NASA SBIR 2008 Solicitation


PROPOSAL NUMBER: 08-2 O2.01-9162
SUBTOPIC TITLE: Automated Collection and Transfer of Launch Range Surveillance/Intrusion Data
PROPOSAL TITLE: Marine ASV Range Surveillance System

SMALL BUSINESS CONCERN (Firm Name, Mail Address, City/State/Zip, Phone)
Emergent Space Technologies, Inc.
6301 Ivy Lane, Suite 720
Greenbelt, MD 20770 - 6330
(301) 345-1535

PRINCIPAL INVESTIGATOR/PROJECT MANAGER (Name, E-mail, Mail Address, City/State/Zip, Phone)
John Higinbotham
6301 Ivy Lane, Suite 720
Greenbelt, MD 20770 - 6333
(301) 345-1535

Expected Technology Readiness Level (TRL) upon completion of contract: 5 to 6

TECHNICAL ABSTRACT (Limit 2000 characters, approximately 200 words)
United States spaceports carry out the critical task of launching and recovering vehicles and payloads. These are extremely unique and expensive assets, and their successful deployment, operation, and recovery are essential to our nation's scientific discovery, economic prosperity, and national security. Surveillance and weather monitoring are significant factors in enabling safe, secure, reliable, and cost effective operations. Ranges encompass large marine regions that are expensive to monitor and not under the exclusive control of the spaceport. Marine regions include backwater areas (lagoon, river, and estuary) near the launch site, as well as the coastal and open-ocean regions extending hundreds of miles downrange. The most hazardous regions must be cleared and maintained clear in preparation for launch and reentry operations to ensure public safety as well as the safety and security of the vehicle itself. To support such operations, Emergent Space Technologies, Inc. (Emergent) proposes to develop the marine autonomous surface vehicle (ASV) range surveillance (MARS) system. MARS is an integrated solution that includes vehicle, payload and ground segments and will support automated collection and transfer of launch range surveillance and weather data. MARS provides enhanced situational awareness to range operators responsible for ensuring public safety, range availability, and mission success.

POTENTIAL NASA COMMERCIAL APPLICATIONS (Limit 1500 characters, approximately 150 words)
The MARS system is being developed to support NASA range surveillance and weather monitoring activities for spacecraft launch and recovery operations. MARS augments existing surveillance operations in the range's expansive marine corridor, which is expensive to monitor, and prone to incursion by commercial and recreational boats. Once developed, the system can support Commercial Orbital Transportation Services (COTS) and sounding rocket launches at the GSFC Wallops Flight Facility in Virginia and Constellation program launches at the Kennedy Space Center in Florida. The MARS payload technology can be deployed to other marine platforms including buoys, barges, and ships. When deployed to land-based towers, the technology can be used to monitor launch, processing, and recovery facilities. When paired with appropriate sensors, the MARS system will support autonomous in-situ oceanographic and atmospheric data collection and transmission for NASA Earth science applications including satellite calibration and validation, physical oceanography, algal bloom monitoring, and hurricane research.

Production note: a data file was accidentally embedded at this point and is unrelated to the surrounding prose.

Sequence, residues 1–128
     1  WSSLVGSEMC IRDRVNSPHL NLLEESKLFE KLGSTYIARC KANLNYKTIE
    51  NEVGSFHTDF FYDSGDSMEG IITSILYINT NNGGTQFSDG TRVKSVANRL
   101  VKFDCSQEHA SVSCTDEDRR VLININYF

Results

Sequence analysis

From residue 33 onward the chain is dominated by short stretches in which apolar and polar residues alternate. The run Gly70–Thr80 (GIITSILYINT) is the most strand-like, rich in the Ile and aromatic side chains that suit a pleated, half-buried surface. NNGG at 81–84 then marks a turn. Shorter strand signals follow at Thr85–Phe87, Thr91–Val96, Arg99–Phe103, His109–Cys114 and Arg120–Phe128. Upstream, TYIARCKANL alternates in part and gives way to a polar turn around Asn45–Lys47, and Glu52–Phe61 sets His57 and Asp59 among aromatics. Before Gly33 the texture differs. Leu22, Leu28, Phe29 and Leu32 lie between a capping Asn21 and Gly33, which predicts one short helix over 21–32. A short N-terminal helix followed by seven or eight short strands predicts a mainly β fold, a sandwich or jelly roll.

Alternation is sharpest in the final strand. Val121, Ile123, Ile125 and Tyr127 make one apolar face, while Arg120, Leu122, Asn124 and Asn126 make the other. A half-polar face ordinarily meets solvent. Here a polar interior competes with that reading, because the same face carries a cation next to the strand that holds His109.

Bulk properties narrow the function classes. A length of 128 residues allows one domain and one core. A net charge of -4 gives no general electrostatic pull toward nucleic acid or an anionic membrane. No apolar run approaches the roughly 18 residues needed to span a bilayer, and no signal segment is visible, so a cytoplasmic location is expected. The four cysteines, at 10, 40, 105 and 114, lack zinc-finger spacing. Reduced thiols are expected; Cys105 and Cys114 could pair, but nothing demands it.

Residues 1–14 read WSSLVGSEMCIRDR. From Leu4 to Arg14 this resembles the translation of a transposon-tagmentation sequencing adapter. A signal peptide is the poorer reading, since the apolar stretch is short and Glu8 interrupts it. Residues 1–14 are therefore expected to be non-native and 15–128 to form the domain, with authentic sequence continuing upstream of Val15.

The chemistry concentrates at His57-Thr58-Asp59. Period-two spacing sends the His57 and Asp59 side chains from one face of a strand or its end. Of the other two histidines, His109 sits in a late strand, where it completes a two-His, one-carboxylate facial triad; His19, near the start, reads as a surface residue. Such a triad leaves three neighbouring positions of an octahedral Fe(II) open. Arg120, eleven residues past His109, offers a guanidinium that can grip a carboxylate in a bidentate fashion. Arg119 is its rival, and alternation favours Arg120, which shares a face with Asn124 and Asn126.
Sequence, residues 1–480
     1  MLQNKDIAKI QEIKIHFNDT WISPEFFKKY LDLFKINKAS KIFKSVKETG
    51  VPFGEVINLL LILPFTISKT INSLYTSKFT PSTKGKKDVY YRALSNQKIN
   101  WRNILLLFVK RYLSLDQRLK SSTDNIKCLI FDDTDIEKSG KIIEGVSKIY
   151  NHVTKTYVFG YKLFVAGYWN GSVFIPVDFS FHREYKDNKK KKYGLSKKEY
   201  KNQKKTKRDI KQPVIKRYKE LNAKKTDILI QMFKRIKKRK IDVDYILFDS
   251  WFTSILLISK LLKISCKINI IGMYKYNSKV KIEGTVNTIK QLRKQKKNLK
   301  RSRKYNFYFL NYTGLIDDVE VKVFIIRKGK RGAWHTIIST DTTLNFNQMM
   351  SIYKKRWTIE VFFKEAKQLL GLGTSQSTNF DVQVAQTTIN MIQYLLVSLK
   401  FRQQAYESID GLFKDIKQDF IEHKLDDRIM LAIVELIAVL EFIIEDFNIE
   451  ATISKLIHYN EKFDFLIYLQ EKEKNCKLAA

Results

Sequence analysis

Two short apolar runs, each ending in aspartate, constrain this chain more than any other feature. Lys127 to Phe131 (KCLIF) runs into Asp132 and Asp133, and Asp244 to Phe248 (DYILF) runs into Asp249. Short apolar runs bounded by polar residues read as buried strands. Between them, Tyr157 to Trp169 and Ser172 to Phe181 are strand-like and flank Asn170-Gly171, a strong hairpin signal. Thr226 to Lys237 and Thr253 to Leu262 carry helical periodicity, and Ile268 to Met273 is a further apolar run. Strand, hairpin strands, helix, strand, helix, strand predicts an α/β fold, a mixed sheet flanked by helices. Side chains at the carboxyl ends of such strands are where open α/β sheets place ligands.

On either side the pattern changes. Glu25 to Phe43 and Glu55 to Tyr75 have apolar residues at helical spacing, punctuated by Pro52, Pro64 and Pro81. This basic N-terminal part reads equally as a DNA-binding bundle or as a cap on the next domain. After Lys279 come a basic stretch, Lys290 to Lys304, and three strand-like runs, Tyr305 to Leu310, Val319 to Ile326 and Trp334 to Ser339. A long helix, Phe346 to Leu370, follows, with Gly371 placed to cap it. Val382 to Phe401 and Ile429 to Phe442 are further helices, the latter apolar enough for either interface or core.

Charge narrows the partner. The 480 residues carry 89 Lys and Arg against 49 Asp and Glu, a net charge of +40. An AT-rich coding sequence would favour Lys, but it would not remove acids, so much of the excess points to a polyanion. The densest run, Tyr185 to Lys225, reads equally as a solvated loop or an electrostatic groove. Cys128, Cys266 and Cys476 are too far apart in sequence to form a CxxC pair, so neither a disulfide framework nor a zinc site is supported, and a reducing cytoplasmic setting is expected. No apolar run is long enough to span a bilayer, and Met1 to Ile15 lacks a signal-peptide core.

POTENTIAL NON-NASA COMMERCIAL APPLICATIONS (Limit 1500 characters, approximately 150 words)
A wide array of non-NASA government and commercial autonomous marine surveillance and in-situ data collection applications can be supported by the MARS system. Application domains include disaster response, energy, environmental, homeland security, law enforcement, defense, public health and safety, transportation, and weather forecasting. The MARS system offers the potential to decrease operational costs, decrease human workloads, reduce human exposure to hazardous environments, increase situational awareness, enable extended duration observations, and customize temporal and spatial surveillance and monitoring scales across domains. State and local governments tasked with conducting increased surveillance and environmental monitoring activities on increasingly limited budgets are expected to benefit from the MARS system which will ultimately enable more effective use of employees and resources.

NASA's technology taxonomy has been developed by the SBIR-STTR program to disseminate awareness of proposed and awarded R/R&D in the agency. It is a listing of over 100 technologies, sorted into broad categories, of interest to NASA.

Architectures and Networks
Autonomous Control and Monitoring
Computer System Architectures
On-Board Computing and Data Management
Sensor Webs/Distributed Sensors
Spaceport Infrastructure and Safety

Form Generated on 08-03-09 13:26